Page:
By Kimberly N. Epstein, Freedom of Information Act Officer
Save time getting your information. Many people are surprised to learn that not every request for information is a FOIA request. Understanding what information we don’t provide can save you from “barking up the wrong tree.”
By law, a FOIA request is a request for an existing federal agency record, such as a report, a letter, an email or an application.
FOIA is for federal records. The FOIA applies to federal agencies and their records. It does not apply to state or local records.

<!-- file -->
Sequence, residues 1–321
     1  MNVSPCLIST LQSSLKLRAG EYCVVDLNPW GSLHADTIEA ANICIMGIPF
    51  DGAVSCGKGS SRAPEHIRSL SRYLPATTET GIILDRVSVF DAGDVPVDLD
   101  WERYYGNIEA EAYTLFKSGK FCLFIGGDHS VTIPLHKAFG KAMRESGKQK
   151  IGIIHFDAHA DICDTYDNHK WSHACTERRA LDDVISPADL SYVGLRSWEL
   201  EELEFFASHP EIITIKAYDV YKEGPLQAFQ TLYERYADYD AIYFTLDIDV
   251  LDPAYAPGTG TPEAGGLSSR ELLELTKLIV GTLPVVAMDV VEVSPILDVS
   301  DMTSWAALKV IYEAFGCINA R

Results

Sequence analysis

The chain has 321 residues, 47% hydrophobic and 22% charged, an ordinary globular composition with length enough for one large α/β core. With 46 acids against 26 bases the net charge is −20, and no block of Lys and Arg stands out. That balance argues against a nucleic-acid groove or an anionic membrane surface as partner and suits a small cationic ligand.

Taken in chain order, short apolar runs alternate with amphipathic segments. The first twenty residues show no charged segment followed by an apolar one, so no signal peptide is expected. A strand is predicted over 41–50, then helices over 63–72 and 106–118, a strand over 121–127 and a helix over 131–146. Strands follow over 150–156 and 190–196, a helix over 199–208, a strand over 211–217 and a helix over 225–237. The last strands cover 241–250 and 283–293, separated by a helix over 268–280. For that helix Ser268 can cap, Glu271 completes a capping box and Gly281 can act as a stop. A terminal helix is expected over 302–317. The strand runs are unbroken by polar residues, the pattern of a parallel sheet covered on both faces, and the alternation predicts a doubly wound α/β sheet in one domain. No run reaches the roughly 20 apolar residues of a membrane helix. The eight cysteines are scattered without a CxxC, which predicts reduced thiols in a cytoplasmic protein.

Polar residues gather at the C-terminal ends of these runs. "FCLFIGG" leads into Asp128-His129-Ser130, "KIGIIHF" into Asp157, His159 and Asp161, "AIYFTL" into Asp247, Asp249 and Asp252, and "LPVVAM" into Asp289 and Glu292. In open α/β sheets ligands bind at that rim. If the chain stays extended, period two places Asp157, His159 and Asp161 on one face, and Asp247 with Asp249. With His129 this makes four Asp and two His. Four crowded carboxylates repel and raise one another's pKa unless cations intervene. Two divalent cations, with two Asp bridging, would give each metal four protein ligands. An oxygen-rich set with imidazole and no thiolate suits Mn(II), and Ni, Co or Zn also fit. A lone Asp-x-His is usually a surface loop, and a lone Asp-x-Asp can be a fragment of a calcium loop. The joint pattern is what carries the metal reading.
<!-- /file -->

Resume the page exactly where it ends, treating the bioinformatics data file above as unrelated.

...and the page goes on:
Agencies don’t keep records forever. How long agency records are kept is decided according to a schedule published by the National Archives and Records Administration (NARA), available at http://www.archives.gov/records-mgmt/grs/. The records schedule describes general categories of records and how long the records in each category are kept. Permanent records not needed on a daily basis may be stored in a NARA facility; other records may be destroyed according to the records schedule. Certain records of historical importance are transferred to the legal custody of NARA and must be requested from the NARA FOIA Office: http://www.archives.gov/foia/foia-guide.html#how.